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“Truly God is good to Israel, to those who are pure in heart. But as for me, my feet had almost stumbled, my steps had nearly slipped. For I was envious of the arrogant when I saw the prosperity of the wicked.” Psalm 73:1-3
What do you want? What’s your vision of the good life? We all daydream about things we think will bring us happiness. Your vision of the good life can take many forms.
Relational: We think people will bring us happiness.
Vocational: We think work will bring us happiness.
Financial: We think money will bring us happiness.
Physical: We think bodily fitness will bring us happiness.
...and the list goes on. People, work, money, and fitness are all good things created by God. However, they are all cursed by God and diminished by sin, and even at their best were never meant to take the role of God in our lives.
In Psalm 73, Asaph was not experiencing the good life. In fact, he felt like the worst people were experiencing the best life. He watched as godless people were thriving physically, financially, and socially. Asaph began doubting everything he’d been taught about God.
We all have moments like Asaph. Here’s the question we all have to consider at some point: Is God the path or the obstacle to the good life?
Wicked people can lead apparently happy lives. Like Asaph, we find ourselves wishing our lives were like their Instagram stories. Their arms are toned and their abs are flat. They take relaxing vacations and enjoy exquisite dinners. Their kids are on the travel team and go to the best schools. From all appearances, they are living their best life now.
If the good life is about personal pleasure and material prosperity, then many people are experiencing the good life. That’s the vision of the good life presented in America’s consumer-driven culture and resonating in our hearts. We are enticed by our own desires to believe that more money, experiences, and pleasures will bring us happiness. It was the same vision enticing Asaph. If the good life is about personal pleasure and material prosperity, then it is natural to see God as an obstacle or at best treat him as a celestial Santa Claus who merely exists to fulfill your material wishes.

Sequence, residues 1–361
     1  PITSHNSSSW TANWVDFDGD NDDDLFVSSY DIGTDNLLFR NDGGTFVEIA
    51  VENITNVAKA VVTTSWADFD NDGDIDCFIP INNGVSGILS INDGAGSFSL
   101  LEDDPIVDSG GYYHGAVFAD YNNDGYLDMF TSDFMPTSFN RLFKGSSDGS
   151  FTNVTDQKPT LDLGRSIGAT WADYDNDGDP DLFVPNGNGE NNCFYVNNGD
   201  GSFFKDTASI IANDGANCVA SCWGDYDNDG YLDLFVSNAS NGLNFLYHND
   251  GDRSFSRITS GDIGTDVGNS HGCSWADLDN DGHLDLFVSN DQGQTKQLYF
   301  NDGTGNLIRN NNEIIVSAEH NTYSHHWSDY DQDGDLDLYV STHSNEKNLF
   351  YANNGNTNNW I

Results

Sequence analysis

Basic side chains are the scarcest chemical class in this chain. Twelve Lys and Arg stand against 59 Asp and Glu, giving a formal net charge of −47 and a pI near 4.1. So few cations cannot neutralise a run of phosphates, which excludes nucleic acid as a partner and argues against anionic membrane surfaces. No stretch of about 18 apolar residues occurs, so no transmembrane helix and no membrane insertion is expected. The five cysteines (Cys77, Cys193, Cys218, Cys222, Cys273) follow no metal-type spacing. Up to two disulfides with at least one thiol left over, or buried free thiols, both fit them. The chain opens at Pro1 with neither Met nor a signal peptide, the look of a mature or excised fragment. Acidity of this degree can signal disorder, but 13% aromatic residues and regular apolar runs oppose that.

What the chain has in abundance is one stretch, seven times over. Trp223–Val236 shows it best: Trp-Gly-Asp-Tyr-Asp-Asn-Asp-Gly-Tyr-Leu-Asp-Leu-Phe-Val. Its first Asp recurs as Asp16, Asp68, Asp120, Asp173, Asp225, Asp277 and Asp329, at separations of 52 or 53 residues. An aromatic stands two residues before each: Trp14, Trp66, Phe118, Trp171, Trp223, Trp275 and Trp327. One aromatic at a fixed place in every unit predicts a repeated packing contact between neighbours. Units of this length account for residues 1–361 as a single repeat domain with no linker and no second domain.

Even Paul makes this point, “If Christ has not been raised, your faith is futile.” (1 Cor. 15:17). If our goal is to experience as much pleasure and prosperity as possible in this life, then the Christian life is the worst choice we could make. According to Paul, “If in Christ we have hope in this life only, we are of all people most to be pitied.” (1 Cor. 15:19).
The Bible serves as corrective lenses when it comes to our vision of the good life. God is not out to rob us of personal pleasure and material prosperity. He is out to convince us those things can never bring us lasting happiness.
Instead, the Bible offers a very different vision of the good life: to live in fellowship with God forever. This is what Asaph ultimately realized,
But when I thought how to understand this, it seemed to me a wearisome task, until I went into the sanctuary of God; then I discerned their end. (vs. 16-17)
As Asaph drew near to God, he realized he was measuring life by the wrong standards. He was reminded that to know God is to know the one who is “good to Israel.” God is not the obstacle to the good life. He is the good life. To know him is to know lasting happiness.
Like Asaph, when we compare ourselves with others we are tempted to believe the good life comes through personal pleasure and material prosperity. God reminds us those things are “slippery” and will be “swept away.” (vs. 18-19). They are fragile and must eventually cease. God and his goodness are eternal.
As Asaph came to realize, “It is good to be near God.” (vs. 28).
The good life is defined by God instead of those around us. Like us and Asaph, Jesus was tempted to create an alternative vision of the good life. While in the wilderness, Christ was tempted to seize power over the world and bypass the cross. (Matthew 4:8-9). Christ resisted because he knew his Father was the good life, not the obstacle to it.
1. Be honest with yourself. What’s your vision of the good life? In what ways do you find yourself enticed to pursue happiness apart from God?
2. Asaph reminds us “it is good to be near God.” Pray to God and ask him to draw near to you. Even more, ask him to help you see the many ways he is good to you.
Father, I want to know your goodness and be near to you. Grant me forgiveness on account of Christ when I pursue worthless things, and grant me the faith to believe “it is good to be near God.” Like Asaph, draw me into your holy place and give me a sanctified outlook on the world by the corrective power of your Holy Spirit.